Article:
ROCHESTER, N.Y. – While the groundwork for improving Catholic-Jewish relations was laid out in the Second Vatican Council document “Nostra Aetate,” Pope John Paul II showed Catholics how to carry out the intentions of the document’s authors, said a priest who serves as a consultant on ecumenical and interreligious affairs to the U.S. Conference of Catholic Bishops.
Father Dennis McManus explained how Pope John Paul’s visionary thinking breathed life into the groundbreaking document, which served as the starting point for improved relations between Catholics and Jews.
He spoke during an Aug. 24 workshop at the Anti-Defamation League’s three-day Bearing Witness Summer Institute for Educators at St. Bernard’s School of Theology and Ministry.
“Nostra Aetate,” the council’s declaration on relations with non-Christian religions, addresses several main points regarding the religious basis of anti-Judaism, said Father McManus, who also is a visiting professor of theology at Georgetown University in Washington.
The first was that the church rejects the idea of the collective guilt of the Jews for the death of Jesus, he said. The second point was that the church accepts the validity of God’s covenant with the Jews.
“We respect and honor that covenant,” he explained. “Even as the Christian finds the fullest experience in Christ, it does not eliminate validity in Mosaic law.”
“Nostra Aetate” also stated that God does not regard Jews with contempt and they remain his chosen people, and that anti-Semitism is racist as a philosophy and has no place in Christianity, Father McManus said.
Pope John Paul apologized for any violence done against the Jews and wrote out a prayer that he placed in the Western Wall of Jerusalem, the priest said.
“It was astounding,” Father McManus said of Pope John Paul’s actions. “He was the first (pope) in the modern period to establish full diplomatic relations between the Vatican and Israel. He tried to reconcile the Catholic Church with Jews and Judaism. It was incredible.”
In a second presentation a day later, Father McManus said “Nostra Aetate” tried to correct common errors that many Catholics have about Jews and Judaism.
“It tries to say to Catholics that Jews are God’s beloved, chosen people, that their validity, and life and identity come from God, and we must respect that, and that anything short of that is anti-Semitism, and that is deeply sinful,” Father McManus said.
These lessons from “Nostra Aetate” can be very hard for some Catholics to come to terms with, the priest said. “It has been a centuries-long struggle, but the message is as vital as it was 44 years ago,” he said.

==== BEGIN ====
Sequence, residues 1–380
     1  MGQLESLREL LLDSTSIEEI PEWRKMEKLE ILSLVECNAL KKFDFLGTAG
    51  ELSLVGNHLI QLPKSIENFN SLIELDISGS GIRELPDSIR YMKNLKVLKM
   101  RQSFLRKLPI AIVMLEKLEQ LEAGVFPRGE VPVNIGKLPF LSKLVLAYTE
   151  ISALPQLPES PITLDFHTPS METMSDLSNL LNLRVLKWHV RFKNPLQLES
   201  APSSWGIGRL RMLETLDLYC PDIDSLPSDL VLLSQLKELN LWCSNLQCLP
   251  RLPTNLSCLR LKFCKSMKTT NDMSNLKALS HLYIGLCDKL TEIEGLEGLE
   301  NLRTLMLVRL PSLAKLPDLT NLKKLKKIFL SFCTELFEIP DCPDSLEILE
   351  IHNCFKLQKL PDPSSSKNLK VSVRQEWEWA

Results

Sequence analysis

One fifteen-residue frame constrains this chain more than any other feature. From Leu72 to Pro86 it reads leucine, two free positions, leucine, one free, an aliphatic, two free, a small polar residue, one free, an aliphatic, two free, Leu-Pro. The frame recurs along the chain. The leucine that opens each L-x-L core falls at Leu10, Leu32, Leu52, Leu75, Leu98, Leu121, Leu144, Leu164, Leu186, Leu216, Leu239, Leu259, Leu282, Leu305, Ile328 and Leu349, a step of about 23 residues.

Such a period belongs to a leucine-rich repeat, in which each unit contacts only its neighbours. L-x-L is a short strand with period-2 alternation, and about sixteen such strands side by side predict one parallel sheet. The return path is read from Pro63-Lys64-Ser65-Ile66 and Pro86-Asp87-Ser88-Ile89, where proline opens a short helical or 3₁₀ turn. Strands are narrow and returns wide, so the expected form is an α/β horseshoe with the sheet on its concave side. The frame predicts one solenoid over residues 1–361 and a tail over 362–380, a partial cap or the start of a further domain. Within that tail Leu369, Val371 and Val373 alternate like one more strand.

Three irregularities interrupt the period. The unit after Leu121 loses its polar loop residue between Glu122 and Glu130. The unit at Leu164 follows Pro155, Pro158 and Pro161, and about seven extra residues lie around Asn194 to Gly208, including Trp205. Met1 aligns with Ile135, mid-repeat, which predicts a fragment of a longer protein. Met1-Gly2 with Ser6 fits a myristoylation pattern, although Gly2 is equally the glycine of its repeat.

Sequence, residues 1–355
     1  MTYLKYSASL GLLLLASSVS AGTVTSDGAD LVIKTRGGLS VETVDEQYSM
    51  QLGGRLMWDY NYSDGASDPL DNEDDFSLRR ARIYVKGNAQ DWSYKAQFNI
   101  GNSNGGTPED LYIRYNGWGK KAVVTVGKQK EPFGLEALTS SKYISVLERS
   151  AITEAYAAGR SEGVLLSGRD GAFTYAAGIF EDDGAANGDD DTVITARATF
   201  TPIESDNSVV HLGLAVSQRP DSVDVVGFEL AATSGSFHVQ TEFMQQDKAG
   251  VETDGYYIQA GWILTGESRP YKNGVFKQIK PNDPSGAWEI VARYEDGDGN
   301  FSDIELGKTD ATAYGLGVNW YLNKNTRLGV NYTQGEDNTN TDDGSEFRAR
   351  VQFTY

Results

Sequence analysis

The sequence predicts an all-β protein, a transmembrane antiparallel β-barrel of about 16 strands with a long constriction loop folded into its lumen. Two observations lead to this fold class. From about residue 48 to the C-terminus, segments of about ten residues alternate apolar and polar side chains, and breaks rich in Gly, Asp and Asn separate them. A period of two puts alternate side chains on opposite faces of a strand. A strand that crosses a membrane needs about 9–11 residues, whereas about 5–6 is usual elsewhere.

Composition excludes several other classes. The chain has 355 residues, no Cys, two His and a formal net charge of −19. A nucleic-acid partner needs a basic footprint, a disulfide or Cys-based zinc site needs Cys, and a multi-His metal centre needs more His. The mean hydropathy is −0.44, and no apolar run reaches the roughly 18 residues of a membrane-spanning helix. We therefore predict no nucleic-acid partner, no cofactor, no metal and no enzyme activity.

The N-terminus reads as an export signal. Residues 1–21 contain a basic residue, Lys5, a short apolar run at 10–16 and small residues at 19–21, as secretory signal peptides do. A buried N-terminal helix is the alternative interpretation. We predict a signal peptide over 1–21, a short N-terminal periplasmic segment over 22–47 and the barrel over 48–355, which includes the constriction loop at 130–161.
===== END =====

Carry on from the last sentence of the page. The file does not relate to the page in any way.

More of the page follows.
To counteract anti-Semitism, Catholics need to be educated on the Judaism of Jesus, the theology professor added.
“Once they understand that, they embrace the importance of Judaism as part of their own redemption,” he said. “Catholicism teaches that God has yet to work out his full plan of salvation for his world, and the Jews are an important part of that plan.”
The Bearing Witness program included presentations by several Jewish and Catholic experts.
Kenneth Jacobson, ADL’s deputy national director, addressed anti-Semitism’s long and complex history, which dates to before the birth of Christ, although it has taken on several transformations over the centuries.
He also cited the progress made in relations between Jews and Catholics in the last 50 years that has fostered an “open, honest conversation” to take place while allowing Catholics, as well as all Christians, to understand Judaism, the root of Christianity.
Anti-Semitism shares some but not all characteristics of other forms of hatred, such as racism, but racism is more of a “what you see is what you get” type of hatred, he explained. Outward appearance often is enough to trigger racial hatred, but that’s not the case with anti-Semitism.
“At the heart, it’s the idea that the Jews seem to be regular people like you and me, but that’s not the reality of the Jew. The (perceived) reality of the Jew is something hidden, something sinister, something powerful,” he said. “Once you establish that reality is not what it seems to be … then in almost any situation someone can stand up and say, ‘The real reason you’re suffering is because of the hidden power of the Jews.’“
It’s difficult, then, for anti-Semites to be dissuaded from their positions by logical arguments, since they believe the reality of the Jews is not what it appears to be, he added.
“That helps you explain why anti-Semitism is so enduring. Any time there’s a problem, somebody can seize on this issue and know there’s a long history of that and say, ‘Oh, that’s why you’re suffering,’“ Jacobson said.